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April 18, 2014 | NPR · The agreement calls on all parties to refrain from violence, requires that illegally-armed groups disarm and that control of government buildings be returned to Ukrainian authorities.
 
April 18, 2014 | NPR · President Obama said enrollment under the Affordable Care Act reached 8 million after the deadline was extended by 2 weeks. The figure represents a turnaround from the disastrous debut of the website.
 
April 18, 2014 | NPR · Morning Edition spent a lot of time recently reporting from the U.S.-Mexico border. President Obama has deported 2 million people from the U.S. But many say that number is misleading.
 

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April 18, 2014 | NPR · It looks as though the "comment period" for the controversial Keystone XL pipeline project will be extended, delaying a decision past the November elections.
 
April 18, 2014 | NPR · Regular political commentators, E.J. Dionne of The Washington Post and David Brooks of The New York Times, discuss the breakthrough Ukraine deal and the new health care enrollment numbers.
 
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April 18, 2014 | NPR · Ivan Soltesz studies epilepsy in mice, but says children with chronic seizures are his inspiration. He's closing in on a way to quell the seizures with light — and without drugs' side effects.
 

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April 12, 2014 | NPR · As pro-Russia demonstrators continue their tense standoff in Eastern Ukraine, police are conspicuously absent from city streets.
 

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April 13, 2014 | NPR · As the anniversary of last year's marathon bombing approaches, NPR's Rachel Martin speaks with correspondent Carrie Johnson about the investigation and legal wrangling yet to come.
 

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Intelligence Squared U.S

Apr 16, 2014 — Narcissistic and ill-prepared for the future? Or civic-minded and entrepreneurial? Two teams tackle stereotypes and realities about young Americans in the latest Intelligence Squared U.S.
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Apr 9, 2014 — Proponents of online education say it's flexible and economical. But skeptics say "college by Internet" is a pale substitute for real-world exchanges with instructors and peers inside the classroom.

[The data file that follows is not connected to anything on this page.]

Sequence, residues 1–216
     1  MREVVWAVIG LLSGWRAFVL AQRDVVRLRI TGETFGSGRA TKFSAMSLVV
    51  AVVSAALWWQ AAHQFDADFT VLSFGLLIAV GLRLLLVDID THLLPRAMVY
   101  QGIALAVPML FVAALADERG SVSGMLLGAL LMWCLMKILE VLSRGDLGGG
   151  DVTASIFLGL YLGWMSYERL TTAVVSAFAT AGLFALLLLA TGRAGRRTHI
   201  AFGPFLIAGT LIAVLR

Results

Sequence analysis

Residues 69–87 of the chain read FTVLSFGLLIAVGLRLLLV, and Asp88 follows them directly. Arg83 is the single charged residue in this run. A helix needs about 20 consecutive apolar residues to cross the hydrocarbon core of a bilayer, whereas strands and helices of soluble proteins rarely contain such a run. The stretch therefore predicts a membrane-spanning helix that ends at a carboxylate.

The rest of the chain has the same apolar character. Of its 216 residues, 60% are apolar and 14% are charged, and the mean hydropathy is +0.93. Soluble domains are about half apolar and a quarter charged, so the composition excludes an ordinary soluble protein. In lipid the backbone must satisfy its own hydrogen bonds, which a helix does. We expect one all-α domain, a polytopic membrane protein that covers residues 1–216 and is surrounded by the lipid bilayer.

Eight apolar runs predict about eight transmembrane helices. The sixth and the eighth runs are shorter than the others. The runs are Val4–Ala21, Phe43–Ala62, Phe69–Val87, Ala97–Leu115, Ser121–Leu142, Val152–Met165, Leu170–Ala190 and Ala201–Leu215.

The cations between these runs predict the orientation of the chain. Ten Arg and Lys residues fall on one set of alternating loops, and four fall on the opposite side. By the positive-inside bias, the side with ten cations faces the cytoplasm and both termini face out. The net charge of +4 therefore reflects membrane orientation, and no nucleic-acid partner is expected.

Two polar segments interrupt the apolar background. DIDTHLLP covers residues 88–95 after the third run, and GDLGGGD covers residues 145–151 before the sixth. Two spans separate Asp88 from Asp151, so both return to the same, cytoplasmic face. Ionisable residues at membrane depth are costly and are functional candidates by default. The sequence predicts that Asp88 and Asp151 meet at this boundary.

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Mar 26, 2014 — Colleges that use race as a factor in admissions say the approach creates opportunity for students who might otherwise be excluded. Critics argue the practice hurts the students it's intended to help.
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Mar 19, 2014 — In the past year, Russia has given asylum to Edward Snowden, hosted the Olympics and attempted to annex Crimea. Teams debate Russia's role on the world stage in the latest Intelligence Squared U.S.
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Mar 13, 2014 — In the latest Intelligence Squared debate, two teams face off over the constitutionality of targeting terrorist suspects abroad — particularly when those individuals are U.S. citizens.
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Feb 18, 2014 — Some consider former NSA contractor Edward Snowden a hero for releasing classified material to the media; others argue that he has irreparably harmed national security. Famed whistleblower Daniel Ellsberg and a former CIA director face off in the latest Intelligence Squared debate.
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Jan 22, 2014 — Two teams of medical doctors and political columnists face off over the hot-button health care law in the latest Intelligence Squared debate. Is Obamacare fundamentally flawed or poised to transform the health care system for the better?
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Dec 11, 2013 — A doctor, a vegan, a researcher and a farmer recently waded into a hot-button topic in the food world: Is it a bad idea to eat meat? They delve into the medical, ethical and environmental arguments in the latest Intelligence Squared U.S.
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Nov 26, 2013 — Some argue that spying on vast numbers of innocent people is a violation of privacy, as well as a waste of security resources. But others argue that mass electronic surveillance is vital to the fight against terrorism. A team of experts debates for the latest Intelligence Squared U.S.
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Nov 21, 2013 — Some argue that if Americans were writing the Constitution over again in 2013, it wouldn't make sense to include the right to bear arms. A group of experts faces off over whether Americans' Second Amendment rights are outdated in the latest Intelligence Squared U.S. debate.
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